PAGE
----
the same time, it is axiomatic that such understanding
must be established within the basic rules of anatomy,
since it is the morphology of the organ that is under
consideration, rather than its surgical treatment.
The importance of noting the earlier anatomic investigations is also relevant to consideration of the “lamellar”
hypothesis, which currently attracts favor among physiologists and bioengineers. These investigators, also focusing
on the arrangement of the supporting fibrous matrix, have
suggested that, rather than existing as a unique band, the
myocardium is compartmented by a particular laminar
structure that extends across the full thickness of the
ventricular walls (LeGrice et al., 1995). Supporters of this
Fig. 6. Realignment of an aggregate of myocytes and their accompanying capillaries from diastole (upper left) to systole (upper right), with
the epicardium paralleling the aggregates on their left and the endocardium on their right hand. In the lower panel, we display the potential
interference of lateral offshoots, which have the capacity to temper, and
hence control, both the alternate systolic interleaving and diastolic rearrangement of the myocytes. This basic mechanism is able to enhance
systolic mural thickening independent of whether the myocytes are
aligned parallel to the epicardium, or whether they intrude in the wall at
variable angles to the epicardium.
tion as a pump, but permitting the generation of antagonistic forces within the myocardial walls (Lunkenheimer
et al., this issue).
Fig. 5. The left ventricular base of the porcine heart is shown (a) as
seen from the atrium having removed the atrial wall. Note the almost
radial course of the myocardial grain from the epicardial surface toward
the endocardium. When the superficial fibers are peeled away (b), the
grain begins to achieve a circumferential orientation. This is the margin
of the “triebwerkzeug.”
notion now argue for a fully radial arrangement of the
organized myocytic sheets within the ventricular walls
(Hooks et al., 2002). In our own earlier review, which
combined investigations using gross dissection and serial
histological sectioning, we cautioned regarding the potential dangers of imposing oversimplified ideas on a complex
biological structure (Greenbaum et al., 1981). It is not only
those promoting the concept of the “unique myocardial
band” (Torrent-Guasp, 1973), but also those promoting the
existence of radial myocardial sheets (LeGrice et al., 1995;
Karlon et al., 1998), who take no heed of these potential
heuristic problems. Elsewhere in this issue of the journal,
we have described our most recent study using histology,
carried out in an attempt to provide the precision needed
to understand the mechanics of ventricular contraction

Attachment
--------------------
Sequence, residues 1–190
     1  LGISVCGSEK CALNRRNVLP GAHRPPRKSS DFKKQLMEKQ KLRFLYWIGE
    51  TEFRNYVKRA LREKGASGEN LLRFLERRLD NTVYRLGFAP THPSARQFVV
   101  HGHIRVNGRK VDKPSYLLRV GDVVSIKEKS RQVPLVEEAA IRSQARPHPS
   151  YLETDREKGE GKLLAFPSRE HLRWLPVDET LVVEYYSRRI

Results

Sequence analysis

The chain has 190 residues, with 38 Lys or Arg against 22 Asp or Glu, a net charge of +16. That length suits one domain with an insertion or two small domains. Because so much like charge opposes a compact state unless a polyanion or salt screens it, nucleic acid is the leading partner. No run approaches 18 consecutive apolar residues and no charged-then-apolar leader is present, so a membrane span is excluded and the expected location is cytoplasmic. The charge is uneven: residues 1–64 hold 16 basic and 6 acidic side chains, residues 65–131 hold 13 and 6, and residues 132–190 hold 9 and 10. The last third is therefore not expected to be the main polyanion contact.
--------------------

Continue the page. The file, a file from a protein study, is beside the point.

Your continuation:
(Lunkenheimer et al., this issue). So as to place the controversies discussed above in context, and hoping to emphasize the morphologic approach required to resolve
them, we now summarize our current understanding of
the overall three-dimensional arrangement of the packing
of the myocytes within the ventricular mass, showing how
the architecture is arranged to permit the heart to func-
When histological sections are cut across blocks of myocardial tissue removed from the ventricular mass (Fig. 4),
it is immediately evident whether the sections have been
taken in the plane of the long or short axes of the myocytes. Like the technique of peeling (Fig. 1), histologic
sections reveal the obvious “grain” produced by the long
axis of the myocytic aggregates. Care must be taken, however, when extrapolating between sections of the ventricular mass viewed using the microscope and those seen
with the naked eye. Thus, the dissection shown in Figure
5, when viewed grossly, gives an unmistakable section of a
radial rather than a tangential orientation of many of the
myocytes. When studied more carefully using histologic
sections, the greatest number of myocytes within the aggregates are still found to be running more or less in the
tangential plane. There is potential danger of misinterpretation, therefore, if presumptions of global ventricular
structure are based on examination of gross dissections, or
of isolated microscopic sections removed from the ventricular wall (Feneis, 1944 –1945).
When correlations are made between the gross and microscopic findings, no evidence emerges to support the
notion that the fibrous matrix of the myocardium is arranged so as to produce reproducible secondary or tertiary
patterns. Instead, each myocyte is wrapped within an
endomysial weave, with adjacent myocytes joined together
by endomysial struts. Small collections of myocytes are
then unified within a perimysial weave, with the entirety
of the myocardial mass enclosed within the epimysium
(Borg and Caulfield, 1981). There is marked variation
nonetheless with regard to the degree of perimysial packing produced in different parts of the ventricular mass.
The only recognized orderly arrangement of discrete isolation of collections of myocytes within the remainder of
the ventricular walls is found subendocardially, where
serial sections reveal the sheaths of fibrous tissue that
ensure the continuity and discreteness of the right and left
bundle branches of the ventricular conduction system.
When taking into account of the caveats expressed by
Lev and Simkins (1956) as well as Grant (1965), therefore,
we can see that the purported “unique myocardial band”
(Torrent-Guasp, 1973) exists not because of a reproducible
organized structure of the myocytes within a supporting
fibrous matrix, but because of the skill of the dissector,
who is able to sculpt from the myriad myocytes the pattern he wishes to display. Furthermore, histological sections taken to show the full thickness of the ventricular
walls in man fail to demonstrate lamellar fibrous shelves